I love street and public art. It’s been exciting to be involved in so many projects through Seagulls in Leeds and with Mark in Manchester. I’d love to make more pieces of my own in and around Leeds in the future. I think mosaics have a unique feel about them, they are soulful to me and I enjoy the entire process.
Instagram has opened a whole world up; it’s a great platform to see what other artists are doing. I like to see other mosaic and stained glass work especially.
LS26 Local: What is the process for creating a piece of Mosaic art? Do you sketch a rough idea and then build from there? How long do they take to create?
Mary: Design, sourcing the right materials, drawing/prepping, the size of the piece, even how you’re feeling and your personality will contribute to how long one will take to make. The mosaic I made for the wall at Rothwell primary school took a year but you can make a small mosaic in an hour…it’s so variable. Like most things, the more you do it the more familiar it becomes so you do get quicker; deciding on and getting the design right is often the most time consuming part.
I run a mosaic workshop for Seagulls Reuse once a month where I show people the basics in making a mosaic of their choice. You can book via their website if you’re interested.
LS26 Local: You recently did an exhibition in Rothwell, how did that go?
Mary: I did and it was a lovely evening thank you, it was well supported by family and friends and a few other locals who’d heard about it. It was a great opportunity to get my work out there a bit more and I sold a few pieces. I’m grateful to Simon the owner at Dill and Bay restaurant who suggested and hosted the night.
LS26 Local: Where else have you exhibited and do you have any more planned for the future?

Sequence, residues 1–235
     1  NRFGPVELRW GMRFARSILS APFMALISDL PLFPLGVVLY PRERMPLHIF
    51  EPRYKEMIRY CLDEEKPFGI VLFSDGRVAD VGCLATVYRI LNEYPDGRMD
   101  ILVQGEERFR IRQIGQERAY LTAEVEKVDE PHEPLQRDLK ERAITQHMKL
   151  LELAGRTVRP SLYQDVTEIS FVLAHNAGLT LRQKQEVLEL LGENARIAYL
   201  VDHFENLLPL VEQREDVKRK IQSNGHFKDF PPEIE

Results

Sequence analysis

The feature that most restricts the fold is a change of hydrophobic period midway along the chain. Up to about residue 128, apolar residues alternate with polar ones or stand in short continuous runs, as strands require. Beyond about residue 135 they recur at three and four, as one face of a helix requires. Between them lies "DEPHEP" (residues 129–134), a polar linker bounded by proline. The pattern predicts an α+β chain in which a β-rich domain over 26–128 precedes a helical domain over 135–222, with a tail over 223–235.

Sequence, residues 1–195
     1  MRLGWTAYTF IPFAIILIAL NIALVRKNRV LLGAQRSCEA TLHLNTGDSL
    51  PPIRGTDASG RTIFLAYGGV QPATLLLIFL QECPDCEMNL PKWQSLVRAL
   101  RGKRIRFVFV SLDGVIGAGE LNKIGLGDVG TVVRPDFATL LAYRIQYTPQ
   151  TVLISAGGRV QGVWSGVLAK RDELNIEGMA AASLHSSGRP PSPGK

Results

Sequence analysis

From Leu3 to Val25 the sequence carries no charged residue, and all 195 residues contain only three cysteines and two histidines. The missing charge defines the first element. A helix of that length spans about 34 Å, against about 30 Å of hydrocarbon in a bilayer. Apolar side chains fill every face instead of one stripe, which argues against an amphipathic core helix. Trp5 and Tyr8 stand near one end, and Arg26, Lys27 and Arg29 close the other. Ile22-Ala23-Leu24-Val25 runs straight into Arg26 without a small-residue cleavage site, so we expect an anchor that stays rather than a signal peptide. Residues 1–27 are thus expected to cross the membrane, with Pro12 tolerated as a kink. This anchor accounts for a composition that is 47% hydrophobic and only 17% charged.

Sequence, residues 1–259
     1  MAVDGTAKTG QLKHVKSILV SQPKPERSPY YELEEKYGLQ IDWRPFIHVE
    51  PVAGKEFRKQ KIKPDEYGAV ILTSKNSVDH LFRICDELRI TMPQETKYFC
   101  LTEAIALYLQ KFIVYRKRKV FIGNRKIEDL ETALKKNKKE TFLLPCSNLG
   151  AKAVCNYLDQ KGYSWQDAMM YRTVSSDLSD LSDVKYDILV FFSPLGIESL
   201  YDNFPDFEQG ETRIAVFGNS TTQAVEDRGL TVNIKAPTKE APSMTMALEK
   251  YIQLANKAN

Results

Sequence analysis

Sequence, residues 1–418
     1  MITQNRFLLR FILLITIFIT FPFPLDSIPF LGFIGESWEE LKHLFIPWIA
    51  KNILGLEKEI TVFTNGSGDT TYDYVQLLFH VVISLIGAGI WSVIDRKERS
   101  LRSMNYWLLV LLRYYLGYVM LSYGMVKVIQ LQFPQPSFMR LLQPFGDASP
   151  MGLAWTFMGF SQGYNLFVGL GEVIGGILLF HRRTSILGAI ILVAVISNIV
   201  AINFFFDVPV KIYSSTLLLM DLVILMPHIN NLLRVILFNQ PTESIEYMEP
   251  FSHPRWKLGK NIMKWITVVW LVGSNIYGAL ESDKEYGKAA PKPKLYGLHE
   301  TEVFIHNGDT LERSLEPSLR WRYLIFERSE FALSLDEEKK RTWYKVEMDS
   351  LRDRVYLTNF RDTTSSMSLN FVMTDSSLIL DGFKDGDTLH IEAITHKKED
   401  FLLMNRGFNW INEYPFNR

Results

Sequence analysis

Mary: I’ve not formally exhibited anywhere else as such. A year or so ago I displayed some of my portraits in Fired Earth’s window in Manchester which was a great success. My friend who made that happen now works at ‘Period Homestyle’ in Stockport, so most of them are for sale there. I hope I have more in the future but nothing in the pipeline yet…I need to make a new collection!
I’m really interested in making some public art for Woodlesford and Leeds – if anyone has any contacts or places they know that would grant permission please get in touch…I’m working on it as well.
LS26 Local: Your art received some great feedback from our facebook page, if somebody wanted to buy one of your designs, how would they go about it? Do you have a website etc?
Mary: That’s nice to hear, thank you! I’m not quite at website stage yet, hoping to be one day. If anyone is interested in any of the pieces they’ve seen they can send me an email to firstname.lastname@example.org or if they’re in the Stockport area, visit Period Homestyle. I’m happy to send pictures of my work. I also upload my work onto Instagram under the name maylizgood.
LS26 Local: Do you create commissioned, custom mosaics for people?
Mary: I do yes… anything is possible!
LS26 Local: Finally, any advice for anyone who would like to venture into this field of art themselves?
Mary: Have a go. I don’t think that advice applies exclusively to mosaics either. If you don’t try something you’ll never know if it’s for you or not will you? Enjoy the process and see where it takes you. They’re not something that you can make half heartedly, so you’ll know if it’s something you want to pursue. Art should be a place of freedom, so feel free; do what you like, being creative is healthy…don’t let your brain tell you that you can’t or shouldn’t do it.
Thank you to Mary for answering our questions and of course sharing her artwork with us. Any future exhibitions from Mary will be announced on the LS26 Local website.
If you are a local artist and would like to share your work get in touch with us via our contact page we love to feature local artists in any field so don’t be shy!